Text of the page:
Review: ‘Vanquish’

Morgan Freeman And Ruby Rose Are Mired In A Bland Action Thriller That Wastes Both Of Their Talents

There’s something about Morgan Freeman that makes us want to believe in him. He’s got that Tom Hanks quality about him that makes us smile when he’s playing God or feel protected when he’s the President. It’s hard to fuck up Morgan Freeman, is what I’m getting at. And yet Vanquish, a dreadful, visually murky action flick co-starring the ubiquitous Ruby Rose does exactly that. It not only makes us feel sorry for Freeman, it kinda makes us dislike him a little bit for agreeing to be part of it.

Directed by George Gallo, Vanquish has Freeman turn heel as Damon, a superstar hero cop bound to a wheelchair after a shooting on the job.  But Damon’s posh residence and expensive decour aren’t what anybody could afford on a police salary, or the payout he received from the attack. Corrupt boys in blue are all over this thing, and Damon is right at the center of it. While he seems like a nice guy, taking in wayward single-mother Victoria (Rose) and her daughter, it was all part of a larger scheme. Damon blackmails her into making five big money pick-ups from a slew of unsavory underworld figures, tapping into her dark past as a Russian drug courier and trained killer.

There’s meant to be some John Wick-esque internal conflict here, both within Damon and Victoria as good people forced into doing bad things. But there isn’t nearly enough depth for either figure to explore any of that believably. Victoria settles back into the groove quite easily, actually, perhaps too much for when Rose tries unsuccessfully to dial it back with an emotional moment of regret. Meanwhile, the wheelchair-bound Freeman’s eyes seem to be glazing over with disinterest in his bland bad guy routine. A potentially nifty point has Damon install cameras on Victoria to track her ass-kicking across Los Angeles, but rather than do anything cool it’s basically just an excuse to cut away to Freeman’s hilariously tame reaction shots.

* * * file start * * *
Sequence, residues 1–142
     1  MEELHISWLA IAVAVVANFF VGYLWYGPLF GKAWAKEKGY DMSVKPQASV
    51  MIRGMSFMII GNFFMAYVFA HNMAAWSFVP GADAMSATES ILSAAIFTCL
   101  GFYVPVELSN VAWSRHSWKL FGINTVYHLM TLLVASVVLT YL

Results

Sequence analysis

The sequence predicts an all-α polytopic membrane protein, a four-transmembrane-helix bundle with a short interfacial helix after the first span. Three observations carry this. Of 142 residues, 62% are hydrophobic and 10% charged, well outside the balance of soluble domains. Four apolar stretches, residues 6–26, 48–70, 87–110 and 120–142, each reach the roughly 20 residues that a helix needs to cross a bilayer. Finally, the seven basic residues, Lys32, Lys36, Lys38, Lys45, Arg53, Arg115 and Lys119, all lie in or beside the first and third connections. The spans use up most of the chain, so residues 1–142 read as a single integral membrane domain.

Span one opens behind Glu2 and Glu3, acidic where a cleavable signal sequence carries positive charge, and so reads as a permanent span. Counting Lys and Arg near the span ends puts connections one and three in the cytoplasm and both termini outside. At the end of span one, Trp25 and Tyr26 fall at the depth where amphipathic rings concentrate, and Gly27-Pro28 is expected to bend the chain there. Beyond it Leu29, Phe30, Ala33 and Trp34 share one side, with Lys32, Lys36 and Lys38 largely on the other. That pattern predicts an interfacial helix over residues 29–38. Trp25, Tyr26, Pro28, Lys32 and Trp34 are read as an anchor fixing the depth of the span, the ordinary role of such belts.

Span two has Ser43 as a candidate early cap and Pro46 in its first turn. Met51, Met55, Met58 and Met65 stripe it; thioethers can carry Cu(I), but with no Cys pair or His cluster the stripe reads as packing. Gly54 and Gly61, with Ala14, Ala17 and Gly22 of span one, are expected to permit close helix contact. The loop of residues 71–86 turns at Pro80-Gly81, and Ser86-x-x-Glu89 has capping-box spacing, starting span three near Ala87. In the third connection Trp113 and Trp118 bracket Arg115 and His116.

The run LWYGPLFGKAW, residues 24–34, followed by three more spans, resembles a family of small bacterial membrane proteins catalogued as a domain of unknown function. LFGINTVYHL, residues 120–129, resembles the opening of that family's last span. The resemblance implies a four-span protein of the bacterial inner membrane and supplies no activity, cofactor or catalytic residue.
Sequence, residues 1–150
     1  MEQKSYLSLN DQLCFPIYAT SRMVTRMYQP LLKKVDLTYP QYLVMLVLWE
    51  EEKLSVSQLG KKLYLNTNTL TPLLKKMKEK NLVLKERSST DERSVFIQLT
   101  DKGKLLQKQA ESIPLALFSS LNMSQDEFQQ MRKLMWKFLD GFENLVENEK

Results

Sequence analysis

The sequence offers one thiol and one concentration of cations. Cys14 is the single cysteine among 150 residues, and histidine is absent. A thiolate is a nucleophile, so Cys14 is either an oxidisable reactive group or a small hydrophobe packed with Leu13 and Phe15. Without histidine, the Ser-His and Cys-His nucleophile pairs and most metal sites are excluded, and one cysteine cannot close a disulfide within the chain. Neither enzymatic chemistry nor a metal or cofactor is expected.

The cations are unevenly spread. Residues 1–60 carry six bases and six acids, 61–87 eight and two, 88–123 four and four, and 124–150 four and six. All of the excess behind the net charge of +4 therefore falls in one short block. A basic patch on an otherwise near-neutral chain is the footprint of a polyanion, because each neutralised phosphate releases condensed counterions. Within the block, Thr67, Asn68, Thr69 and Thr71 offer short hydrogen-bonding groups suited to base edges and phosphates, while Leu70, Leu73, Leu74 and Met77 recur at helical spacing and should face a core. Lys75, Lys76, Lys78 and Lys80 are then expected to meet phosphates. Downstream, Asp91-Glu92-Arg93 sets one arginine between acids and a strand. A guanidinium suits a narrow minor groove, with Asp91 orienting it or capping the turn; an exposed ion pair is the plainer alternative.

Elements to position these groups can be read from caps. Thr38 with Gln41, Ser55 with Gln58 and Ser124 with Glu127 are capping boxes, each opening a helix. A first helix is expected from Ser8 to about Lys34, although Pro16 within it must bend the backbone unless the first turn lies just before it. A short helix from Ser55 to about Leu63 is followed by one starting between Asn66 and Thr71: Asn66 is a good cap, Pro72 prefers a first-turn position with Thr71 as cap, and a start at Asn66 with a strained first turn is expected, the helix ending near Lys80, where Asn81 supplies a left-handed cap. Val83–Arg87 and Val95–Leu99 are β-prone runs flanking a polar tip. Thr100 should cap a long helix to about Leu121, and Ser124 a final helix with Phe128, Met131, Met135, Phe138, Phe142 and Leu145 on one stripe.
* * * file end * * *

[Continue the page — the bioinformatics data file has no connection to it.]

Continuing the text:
It’s maddening that someone of Freeman’s caliber is reduced to a role this bad. Forget that the movie isn’t any good, that stuff happens. But Freeman CHOSE this role, and that’s all on him.

Rose is a believable badass, though, and while the shootouts and fights she has dirty cops, drug dealers and more are generic she pulls them off quite well. She just has that intangible quality that the best action stars have, even in material that isn’t up to snuff. There’s a lot more that Rose can do within the genre, as seen in her recent flick SAS: Red Notice, while Vanquish is a pretty big step backwards.

Gallo is a veteran filmmaker with some impressive credits to his name, like writing Midnight Run and developing the first Bad Boys movie. His co-written script for Vanquish lacks any sizzle other than a richly-undeserved twist at the end, and the camerawork is strangely amateurish. Saturated greens and blues don’t add to the nocturnal atmosphere, while the overuse of zooms and quick cuts is dated by today’s standards.

The worst offense Vanquish commits is that it wastes the talents of both Freeman and Rose. Don’t let it waste your time, too.

Vanquish is available in select theaters tomorrow April 16th, and on Apple TV and everywhere you can rent movies on Tuesday, April 20th.

REVIEW OVERVIEW
Vanquish
Travis Hopson has been reviewing movies before he even knew there was such a thing. Having grown up on a combination of bad '80s movies, pro wrestling, comic books, and hip-hop, Travis is uniquely positioned to geek out on just about everything under the sun. A vampire who walks during the day and refuses to sleep, Travis is the co-creator and lead writer for Punch Drunk Critics. He is also a contributor to Good Morning Washington, WBAL Morning News, and WETA Around Town. In the five minutes a day he's not working, Travis is also a voice actor, podcaster, and Twitch gamer. Travis is a voting member of the Critics Choice Association (CCA), Washington DC Area Film Critics Association (WAFCA), and Late Night programmer for the Lakefront Film Festival.